the army & practically skilled in military affairs, all
of whom since the opening of this iniquitous war upon the
South, have withdrawn themselves from the Federal Service
to come within the limits of their native state--and I feel
these officers are entitled by education & experience to
meet in the best manner the present emergency in their
line of the public service & possess superior claims to
fill the important posts of field officers over our forces, and
also, before I had the honour of receiving the appointment
from Genl Lee, I had been elected by a portion of the
citizens of my county Captain of a Company of volun-
teers which was organized on the 6th inst and which I know will
soon be ready to enter the service.

[page 3]
I can in conclusion but express to you excellency
my deep & grateful sense of the honour you have conferred
upon me in the flattering appointment postion
you assigned me which was more than I had any
right to expect & in respectfully asking your acceptance of
the validity of my reasons for declining that appointment

I am most truly your obedient servant

[Charles Cary Cocke]

one of two drafts of Cocke's letter to Letcher
MSS 640

1861 June 20 Culpeper Co. Ho.

Head Qrs, Camp Henry

My dear Uncle;

I write a few hurried
lines to night on the eve of starting
to Manassas in the morning with Papa
who has finally gotten his Regiment formed,
and will I expect be restored to his
Brigadiership, soon after he gets to the
Manassas Junction. Sterling starts
in the morning for the purpose of
carry your horse Tally Ho back to you,
and for buying a fine young horse
from home up--Pa would write
himself, but the thousand things he
has had to think of, since his orders
to go forward, has had him on
the rush all day, to get every thing
in readiness to start.

He finds the horse too clumsy & is not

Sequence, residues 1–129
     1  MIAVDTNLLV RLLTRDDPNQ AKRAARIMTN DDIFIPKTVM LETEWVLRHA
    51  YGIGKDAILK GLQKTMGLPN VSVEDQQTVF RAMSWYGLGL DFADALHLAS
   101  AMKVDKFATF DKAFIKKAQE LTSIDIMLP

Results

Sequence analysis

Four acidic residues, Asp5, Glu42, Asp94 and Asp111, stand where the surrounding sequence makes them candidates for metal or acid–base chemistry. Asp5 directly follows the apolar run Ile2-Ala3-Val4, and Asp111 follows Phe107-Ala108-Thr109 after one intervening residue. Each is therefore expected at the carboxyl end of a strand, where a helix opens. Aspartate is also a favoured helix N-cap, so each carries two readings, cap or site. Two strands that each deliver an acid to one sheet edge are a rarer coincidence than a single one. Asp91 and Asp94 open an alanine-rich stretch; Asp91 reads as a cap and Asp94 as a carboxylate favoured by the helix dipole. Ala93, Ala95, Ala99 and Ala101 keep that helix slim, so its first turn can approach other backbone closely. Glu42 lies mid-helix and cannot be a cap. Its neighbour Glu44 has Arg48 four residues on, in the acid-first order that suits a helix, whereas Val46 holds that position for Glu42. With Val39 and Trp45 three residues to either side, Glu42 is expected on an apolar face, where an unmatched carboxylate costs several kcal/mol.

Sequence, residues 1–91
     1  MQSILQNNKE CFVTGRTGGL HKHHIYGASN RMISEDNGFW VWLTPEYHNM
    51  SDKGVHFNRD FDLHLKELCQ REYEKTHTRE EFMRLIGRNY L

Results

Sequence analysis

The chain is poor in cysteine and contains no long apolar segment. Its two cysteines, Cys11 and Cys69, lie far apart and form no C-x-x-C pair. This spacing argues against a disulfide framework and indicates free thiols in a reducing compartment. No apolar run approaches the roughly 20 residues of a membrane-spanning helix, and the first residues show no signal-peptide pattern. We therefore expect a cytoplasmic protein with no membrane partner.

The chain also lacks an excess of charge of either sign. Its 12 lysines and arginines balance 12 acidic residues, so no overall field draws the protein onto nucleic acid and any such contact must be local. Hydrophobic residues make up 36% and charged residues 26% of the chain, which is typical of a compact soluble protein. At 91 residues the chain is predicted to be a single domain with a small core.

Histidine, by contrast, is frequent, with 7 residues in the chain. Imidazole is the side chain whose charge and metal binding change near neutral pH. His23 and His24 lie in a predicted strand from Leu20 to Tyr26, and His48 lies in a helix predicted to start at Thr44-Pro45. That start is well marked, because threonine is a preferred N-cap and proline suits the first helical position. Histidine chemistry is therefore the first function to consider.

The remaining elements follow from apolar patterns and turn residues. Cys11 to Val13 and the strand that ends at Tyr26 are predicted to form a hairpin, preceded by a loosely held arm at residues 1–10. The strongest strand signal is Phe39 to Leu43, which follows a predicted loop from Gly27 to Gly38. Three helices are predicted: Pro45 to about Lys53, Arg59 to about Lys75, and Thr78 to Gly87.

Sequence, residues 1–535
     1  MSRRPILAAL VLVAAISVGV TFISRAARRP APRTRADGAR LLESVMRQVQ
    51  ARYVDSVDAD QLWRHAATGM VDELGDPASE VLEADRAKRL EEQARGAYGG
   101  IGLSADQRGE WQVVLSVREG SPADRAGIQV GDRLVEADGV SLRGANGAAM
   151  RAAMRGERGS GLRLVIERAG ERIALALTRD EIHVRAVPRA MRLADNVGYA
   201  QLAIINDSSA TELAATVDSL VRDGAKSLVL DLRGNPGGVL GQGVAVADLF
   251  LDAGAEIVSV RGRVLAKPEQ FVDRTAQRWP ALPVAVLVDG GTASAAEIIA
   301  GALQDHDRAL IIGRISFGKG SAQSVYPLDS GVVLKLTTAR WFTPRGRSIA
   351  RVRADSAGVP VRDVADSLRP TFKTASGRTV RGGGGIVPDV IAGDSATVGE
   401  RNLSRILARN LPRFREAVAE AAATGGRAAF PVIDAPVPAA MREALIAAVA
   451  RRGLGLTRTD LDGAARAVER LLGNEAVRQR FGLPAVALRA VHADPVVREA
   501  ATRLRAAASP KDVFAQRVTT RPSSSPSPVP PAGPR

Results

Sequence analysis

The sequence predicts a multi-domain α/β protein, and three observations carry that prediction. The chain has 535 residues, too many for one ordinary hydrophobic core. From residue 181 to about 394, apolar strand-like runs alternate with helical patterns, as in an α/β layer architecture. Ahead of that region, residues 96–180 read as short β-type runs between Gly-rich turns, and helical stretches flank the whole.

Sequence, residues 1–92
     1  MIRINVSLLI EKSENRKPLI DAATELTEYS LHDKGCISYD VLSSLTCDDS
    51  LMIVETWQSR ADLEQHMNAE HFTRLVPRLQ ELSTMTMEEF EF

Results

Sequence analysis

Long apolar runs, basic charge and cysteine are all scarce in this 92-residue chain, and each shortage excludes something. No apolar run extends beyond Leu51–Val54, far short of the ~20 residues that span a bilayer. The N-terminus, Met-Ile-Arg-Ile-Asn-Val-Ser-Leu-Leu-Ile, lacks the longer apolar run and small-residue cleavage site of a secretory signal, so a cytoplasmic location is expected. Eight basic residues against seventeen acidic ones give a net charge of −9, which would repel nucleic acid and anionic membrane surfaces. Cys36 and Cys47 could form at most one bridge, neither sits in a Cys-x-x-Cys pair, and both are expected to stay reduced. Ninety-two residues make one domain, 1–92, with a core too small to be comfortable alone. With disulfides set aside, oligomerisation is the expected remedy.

clean footed at all

[page 2]
He has been doing little or nothing
since we have had him here.
I hope he may reach you in time
to use him, if you should desire
to do so, in your company, which
I hear you are raising in your

With much love to Aunt Lucy
and all your household.

I remain yr affect nephew
John B. Cocke

MSS 640

1861 June 20

My dear Ma;
We are all well in camp at this
time and continue to be well satisfied.
I have become fully initiated into camp life
and am really well pleased with it;
hope I may continue to like it as well.
There is little news with us and this life begins
to assume with me a monotonous appearance
always accompanying a system of regula-
tion and order. To vary the routine there was
a false alarm in camp last night & every
fellow thought that the Yankees were ap-
proaching. The rumor was started by a fright-
ened sentinel and in a few moments all hands
were ready, equipped, and anxious for a fight –
The orders were to get ready and sleep on arms;
our family was ready in the shortest notice
and Ed like an old & experienced soldier was
fast asleep in five minutes saying beforehand
that he had seen something of the sort before.

[page 2]
The novelty was exciting to me and it was some
time before I slumbered; I was not the least fright=
ened and would have gone out cheerfully if
necessary. All the men sent to take the bridge
I spoke of in my last returned safely yesterday
with one exception, a wounded fellow; the wound
was very slight and he is fast recovering.
Our company was not ordered out on the expedi-
tion but two members of it, Virgil Carroll and
Fendol Chiles, went with the other men independ-
ently. We have become very well fixed in our
quarters at this place and are very much
pleased with the situation. Only one of our
men have been sick and he with a subject
disease, rheumatism. Henry Chiles left
the Hospital at Winchester when we came from
that place and has nearly if not quite recov-
ered from his spell.
We will march from this place early tomorrow
towards Winchester; rec.d [received] the notice this after-
noon; expect to reach Winchester by Sun-
day at dinner time. I conjecture that we

[page 3]
will join Genl. Johnson’s forces in the direct-
ion of Martinsburg; our regiment is under
his command. It seems really discour-
aging & senseless for us to have marched
way up here, remained three days, and now
to go directly back without having accom-
plished more. The men are all anxious
to push forward towards Wheeling or
some point farther north; for my part
I am as well satisfied stationed or march-
ing anywhere or in any direction as I cd.
be under any circumstances. We are
all ready and waiting for a fight
whenever the fanatics on the other side
may see fit to approach us; our men
are in fine health and good spirits,
feel confident of the justice of the cause
we are here to maintain by force of